Hypsicles of Alexandria


Born: about 190 BC in Alexandria, Egypt
Died: about 120 BC

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Hypsicles of Alexandria wrote a treatise on regular polyhedra. He is the author of what has been called Book XIV of Euclid's Elements, a work which deals with inscribing regular solids in a sphere.

What little is known of Hypsicles' life is related by him in the preface to the so-called Book XIV. He writes that Basilides of Tyre came to Alexandria and there he discussed mathematics with Hypsicles' father. Hypsicles relates that his father and Basilides studied a treatise by Apollonius on a dodecahedron and an icosahedron in the same sphere and decided that Apollonius's treatment was not satisfactory.

In the so-called Book XIV Hypsicles proves some results due to Apollonius. He had clearly studied Apollonius's tract on inscribing a dodecahedron and an icosahedron in the same sphere and clearly had, as his father and Basilides before him, found it poorly presented and Hypsicles attempts to improve on Apollonius's treatment.

Arab writers also claim that Hypsicles was involved with the so-called Book XV of the Elements. Bulmer-Thomas writes in [1] that various aspects are ascribed to him, claiming that either:-

... he wrote it, edited it, or merely discovered it. But this is clearly a much later and much inferior book, in three separate parts, and this speculation appears to derive from a misunderstanding of the preface to Book XIV.

Diophantus quotes a definition of polygonal number due to Hypsicles (see either [1] or [2]):-

If there are as many numbers as we please beginning from 1 and increasing by the same common difference, then, when the common difference is 1, the sum of all the numbers is a triangular number; when 2 a square; when 3, a pentagonal number [and so on]. And the number of angles is called after the number which exceeds the common difference by 2, and the side after the number of terms including 1.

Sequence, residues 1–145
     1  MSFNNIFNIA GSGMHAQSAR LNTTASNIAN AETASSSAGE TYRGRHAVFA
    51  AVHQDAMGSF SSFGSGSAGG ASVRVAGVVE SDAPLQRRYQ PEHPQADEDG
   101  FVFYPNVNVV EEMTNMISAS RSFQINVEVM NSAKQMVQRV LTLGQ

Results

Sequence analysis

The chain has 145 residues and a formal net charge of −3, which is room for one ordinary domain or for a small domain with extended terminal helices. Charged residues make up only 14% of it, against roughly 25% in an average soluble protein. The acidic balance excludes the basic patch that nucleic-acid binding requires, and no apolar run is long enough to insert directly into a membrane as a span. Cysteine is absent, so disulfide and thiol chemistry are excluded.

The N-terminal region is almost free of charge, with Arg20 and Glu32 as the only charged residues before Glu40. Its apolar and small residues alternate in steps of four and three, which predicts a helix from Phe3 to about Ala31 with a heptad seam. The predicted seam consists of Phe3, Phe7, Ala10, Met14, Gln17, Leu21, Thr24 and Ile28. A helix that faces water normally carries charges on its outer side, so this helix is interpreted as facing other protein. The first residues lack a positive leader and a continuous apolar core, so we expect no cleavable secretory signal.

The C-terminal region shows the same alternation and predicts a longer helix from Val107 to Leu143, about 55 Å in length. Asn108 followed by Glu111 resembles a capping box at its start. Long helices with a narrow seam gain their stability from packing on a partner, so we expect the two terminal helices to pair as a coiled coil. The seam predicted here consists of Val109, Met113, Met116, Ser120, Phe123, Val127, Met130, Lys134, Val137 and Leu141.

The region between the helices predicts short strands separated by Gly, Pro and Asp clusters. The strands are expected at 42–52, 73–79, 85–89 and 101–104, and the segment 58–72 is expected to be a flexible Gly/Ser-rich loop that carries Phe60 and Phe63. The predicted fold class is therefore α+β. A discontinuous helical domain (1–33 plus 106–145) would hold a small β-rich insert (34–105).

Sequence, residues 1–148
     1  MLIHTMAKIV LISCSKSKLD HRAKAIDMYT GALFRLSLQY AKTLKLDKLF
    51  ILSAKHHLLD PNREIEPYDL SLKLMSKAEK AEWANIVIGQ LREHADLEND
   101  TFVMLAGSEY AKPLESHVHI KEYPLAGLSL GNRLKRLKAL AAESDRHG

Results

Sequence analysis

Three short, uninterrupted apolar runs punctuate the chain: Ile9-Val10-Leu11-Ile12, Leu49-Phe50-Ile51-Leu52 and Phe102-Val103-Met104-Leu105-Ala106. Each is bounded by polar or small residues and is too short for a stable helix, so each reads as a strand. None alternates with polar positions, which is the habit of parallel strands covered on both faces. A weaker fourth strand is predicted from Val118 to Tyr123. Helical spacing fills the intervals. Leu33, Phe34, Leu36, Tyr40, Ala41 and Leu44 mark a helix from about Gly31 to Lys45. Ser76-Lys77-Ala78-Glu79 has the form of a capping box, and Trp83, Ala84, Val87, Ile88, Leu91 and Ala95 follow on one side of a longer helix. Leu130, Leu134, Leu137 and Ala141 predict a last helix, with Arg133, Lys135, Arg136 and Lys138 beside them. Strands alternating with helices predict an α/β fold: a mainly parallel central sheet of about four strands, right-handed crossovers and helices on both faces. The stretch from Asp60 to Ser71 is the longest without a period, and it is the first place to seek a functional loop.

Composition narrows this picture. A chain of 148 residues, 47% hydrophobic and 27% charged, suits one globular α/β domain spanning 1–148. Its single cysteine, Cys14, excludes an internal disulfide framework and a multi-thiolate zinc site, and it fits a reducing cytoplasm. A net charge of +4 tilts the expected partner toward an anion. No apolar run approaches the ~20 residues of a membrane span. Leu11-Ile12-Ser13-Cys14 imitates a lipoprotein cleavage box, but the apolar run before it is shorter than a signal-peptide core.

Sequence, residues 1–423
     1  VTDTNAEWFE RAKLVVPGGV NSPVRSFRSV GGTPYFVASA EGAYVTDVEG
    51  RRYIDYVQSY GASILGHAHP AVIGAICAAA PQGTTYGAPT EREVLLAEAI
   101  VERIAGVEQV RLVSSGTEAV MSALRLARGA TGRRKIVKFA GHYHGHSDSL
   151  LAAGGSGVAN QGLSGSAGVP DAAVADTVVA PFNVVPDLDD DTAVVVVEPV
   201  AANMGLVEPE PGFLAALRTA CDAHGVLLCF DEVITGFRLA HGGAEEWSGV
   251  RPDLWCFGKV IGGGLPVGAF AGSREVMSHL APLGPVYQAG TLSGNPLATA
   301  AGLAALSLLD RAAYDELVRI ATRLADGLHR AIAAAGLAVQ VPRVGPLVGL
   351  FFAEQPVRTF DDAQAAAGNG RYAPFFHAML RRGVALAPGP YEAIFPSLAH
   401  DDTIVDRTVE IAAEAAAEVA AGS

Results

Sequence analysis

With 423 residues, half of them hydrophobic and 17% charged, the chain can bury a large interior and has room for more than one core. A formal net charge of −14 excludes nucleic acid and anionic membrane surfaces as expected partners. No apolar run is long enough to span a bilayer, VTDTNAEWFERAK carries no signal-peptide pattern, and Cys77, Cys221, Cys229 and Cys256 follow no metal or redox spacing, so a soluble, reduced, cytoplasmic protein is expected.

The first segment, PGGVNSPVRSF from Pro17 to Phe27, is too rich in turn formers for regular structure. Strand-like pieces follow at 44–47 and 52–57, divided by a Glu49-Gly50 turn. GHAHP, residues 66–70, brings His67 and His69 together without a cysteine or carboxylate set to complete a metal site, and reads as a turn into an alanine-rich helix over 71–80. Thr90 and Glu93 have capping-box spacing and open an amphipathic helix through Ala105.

This says that, in modern notation, the nth m-agonal number is

n [2 + (n - 1) (m - 2)]/2.

We do not know for certain that Hypsicles wrote a text on polygonal numbers, but it is fairly certain that he did write such a text which has been lost. This work on polygonal numbers is related to the ideas on arithmetic progressions that appear in another work by Hypsicles, making it more likely that indeed Hypsicles had indeed done original work on this topic.

The work which involves arithmetic progressions is Hypsicles' On the Ascension of Stars. In this work he was the first to divide the Zodiac into 360°. He says (see [1] or [2]):-

The circle of the zodiac having been divided into 360 equal arcs, let each of the arcs be called a spatial degree, and likewise, if the time taken by the zodiac circle to return from a point to the same point is divided into 360 equal times, let each of the times be called a temporal degree.

Hypsicles considers two problems in this work [2]:-.

(i) Given the ratio of the longest to the shortest day at any place, how long does it take any given sign of the zodiac to rise there?
(ii) How long does it take any given degree in a sign to rise?

Hypsicles makes a false assumption involving arithmetic progressions so that his results are wrong. Heath writes [2]:-

True, the treatise (if it really be by Hypsicles, and not a clumsy effort by a beginner working from an original by Hypsicles) does no credit to its author; but it is in some respects interesting...

The mistake which Hypsicles makes is to assume that the rising times form an arithmetical progression. Having made this assumption his results are correct and Neugebauer [4] certainly values this work much more highly than Heath does. In fact without the aid of the sine function and trigonometry it is hard to see how Hypsicles could have done better.

Article by: J J O'Connor and E F Robertson

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List of References (5 books/articles)

Mathematicians born in the same country

Cross-references in MacTutor

  1. History Topics: Arabic mathematics : forgotten brilliance?
  2. History Topics: The Golden ratio
  3. Chronology: 500BC to 1AD

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JOC/EFR April 1999
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School of Mathematics and Statistics
University of St Andrews, Scotland
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